“Thank you,” she said and smiled.  The smile disappeared as she pulled into the towering, nearly empty, parking deck, but then she glanced at the cameras every thirty feet and smiled again.  She parked and stepped out of the vehicle, checking her appearance in the glass.  It must still be yellow and green or they wouldn’t have let me through, she thought, smoothing back a few more hairs and applying powder and lipstick.  She took a deep breath, turned to the exit, and aware of the cameras filming her, held the smile. 

Sissy placed the canvas bag and yellow silk bag over her shoulder, following the signs to the exit.  She stepped out of the tunnel, in a familiar place, and armed herself to take the next step.  She paused, glanced at the camera set in a tree above her, and stepped into the range of a streetlight that did dual duty.  The light pole illuminated the area, but it also had a message to relay.  You could only hear the message if you were in a twelve foot radius and there was only six feet open on the path that lead to the city.  She stepped into its reach, looking at the artificial sky above.  “Beginning four-twenty-seven the colors will be pink and silver.  Pink and silver on four-twenty-seven.”  Sissy stepped out of the mental intrusion and looked back to the sky. Outside of the dome, it was a wasteland; the sky was white, hot, and killing.  Inside the dome, the sky was usually blue and the rain came when scheduled, conveniently announced on TV, Internet, and radio, and there was an ever-present gentle breeze filling the air with the scent of honey suckle and jasmine.  There was no trash on the streets, no beggars or homeless asking for help or money, no stray animals, and the walks, yards, glass, doorknobs, and stairs all gleamed as though recently cut, raked, polished, and scrubbed. 

She turned to the right, passing a clothing store, and the mental beam erupted in her mind again,  “Monday, four-twenty-seven the colors are pink and silver.  Sale.  Sale.  S..”  She stepped out of the beam and sighed, smiling at the camera perched on a Magnolia branch.  She waited on the corner, hoping that Rusty hadn’t forgotten her, and watched the rickshaws and people pass, listening to snippets of conversation. 

“I love it when they change the colors,” a woman, carrying several shopping bags, explained to a friend.  “I get so bored with wearing the same colors for so long.”

“I know, I’ve seen enough yellow and green to last me a lifetime, now we just have to wait for four-twenty-seven to wear our new clothes.  That’s always the hardest part.”

“Well, it gives us something to look forward to, plus then we have a week of Color Balls, those are always so much fun.  The dancing, music, food, wine, and fashion, it’s so romantic!” 

“It is…”
The women drifted out of earshot and Sissy looked for Rusty’s rickshaw among those passing.  No cars were allowed in the dome and lone individuals were permitted to walk, although it was frowned upon, but she needed to pick up more items than she could carry.  All the passing rickshaws were yellow and green and would have to be painted to the new color scheme before their permits would be renewed.  Some rickshaw owners had several vehicles making it easier for them to get a jump on the new colors, but most would lose a couple days of work waiting for the paint to dry, luckily though, they had Color Balls to attend.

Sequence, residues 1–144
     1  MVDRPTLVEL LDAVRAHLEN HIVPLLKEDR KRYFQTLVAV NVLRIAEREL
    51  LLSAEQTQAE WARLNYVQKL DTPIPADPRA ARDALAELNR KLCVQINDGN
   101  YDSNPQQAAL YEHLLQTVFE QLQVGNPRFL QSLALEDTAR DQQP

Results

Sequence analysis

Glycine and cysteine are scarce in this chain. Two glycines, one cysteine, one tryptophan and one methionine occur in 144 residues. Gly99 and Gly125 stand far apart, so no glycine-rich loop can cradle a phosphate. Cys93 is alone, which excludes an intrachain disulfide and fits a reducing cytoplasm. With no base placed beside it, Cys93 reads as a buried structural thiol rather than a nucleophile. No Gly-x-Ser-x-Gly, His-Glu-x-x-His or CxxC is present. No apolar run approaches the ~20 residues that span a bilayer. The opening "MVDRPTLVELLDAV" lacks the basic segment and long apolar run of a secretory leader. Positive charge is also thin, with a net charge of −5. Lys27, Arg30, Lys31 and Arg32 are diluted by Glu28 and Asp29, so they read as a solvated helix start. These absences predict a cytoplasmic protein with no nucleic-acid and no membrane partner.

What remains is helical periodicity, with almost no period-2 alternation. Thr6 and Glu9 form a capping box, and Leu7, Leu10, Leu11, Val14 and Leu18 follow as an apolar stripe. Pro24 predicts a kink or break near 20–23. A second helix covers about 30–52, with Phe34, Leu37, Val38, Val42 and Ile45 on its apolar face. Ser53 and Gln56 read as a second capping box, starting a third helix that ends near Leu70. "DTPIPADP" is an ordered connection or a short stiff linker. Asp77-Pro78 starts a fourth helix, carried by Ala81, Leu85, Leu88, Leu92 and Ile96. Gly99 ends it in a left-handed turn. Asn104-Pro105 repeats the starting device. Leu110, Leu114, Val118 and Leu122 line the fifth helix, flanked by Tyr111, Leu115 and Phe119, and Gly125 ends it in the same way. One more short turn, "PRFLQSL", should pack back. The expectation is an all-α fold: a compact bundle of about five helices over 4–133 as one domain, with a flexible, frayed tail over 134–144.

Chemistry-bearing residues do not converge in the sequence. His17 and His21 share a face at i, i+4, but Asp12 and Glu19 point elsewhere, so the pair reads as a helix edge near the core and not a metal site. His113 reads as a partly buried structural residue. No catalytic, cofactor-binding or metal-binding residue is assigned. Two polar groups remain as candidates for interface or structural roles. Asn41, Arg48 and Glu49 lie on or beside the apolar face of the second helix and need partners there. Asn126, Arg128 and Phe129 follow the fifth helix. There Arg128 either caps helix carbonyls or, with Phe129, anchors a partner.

She recognized Rusty’s out of control curls as she saw him headed in her direction; she stepped to the curb and waited.  “Sorry I’m late, Sissy.  The last customer…” he shook his head.  He helped her onto the wooden seat and put a yellow blanket over her lap.  “Got a long list today?”

“Not so long, but heavy, I’m stocking up.”

“What’s our first stop?”

“The yarn store, I’m still working on that baby blanket.”  She winked.  “How is Amanda feeling?”

He grinned and ran his hand through unruly hair.  “She’s amazing!  I can barely wrap my arms around her she’s so big!  It took us so long to get the permit, I can’t believe her pregnancy is almost done and the baby is almost here.”  He climbed on the bicycle part of the contraption and began peddling. 

Sissy sat back and observed her surroundings.  The sidewalks were a sea of yellow and green, blurring with the awnings hung over storefronts and street signs.  She sighed, knowing the next time she came to town the streets would be a wash of pink and silver.  There were few animals and no birds in the dome, except for the holographic ones and piped in bird song, and only a select group in the city could afford the permits for a dog or cat.  Luckily, she still had breeding cats on her property and a black market kitten went a long way to supplement her meager allotment. 

Carson Pharmaceuticals owned the entire domed city and those that chose to live in the city were regularly tested to ensure they had an adequate level of the drug in their system and when the colors changed, the required pill also changed.  The black and red period was a bad time in the city, the yellow and green period had gone better than expected, and Sissy could only wonder what the pink and silver time had in store for the residents of Carsonville. 

Rusty pulled to the curb and helped her out of the rickshaw.  “I’ll be quick,” she said.  “And then we need to go to the market.”

“Yes, ma’am.”  He smiled and leaned against the vehicle.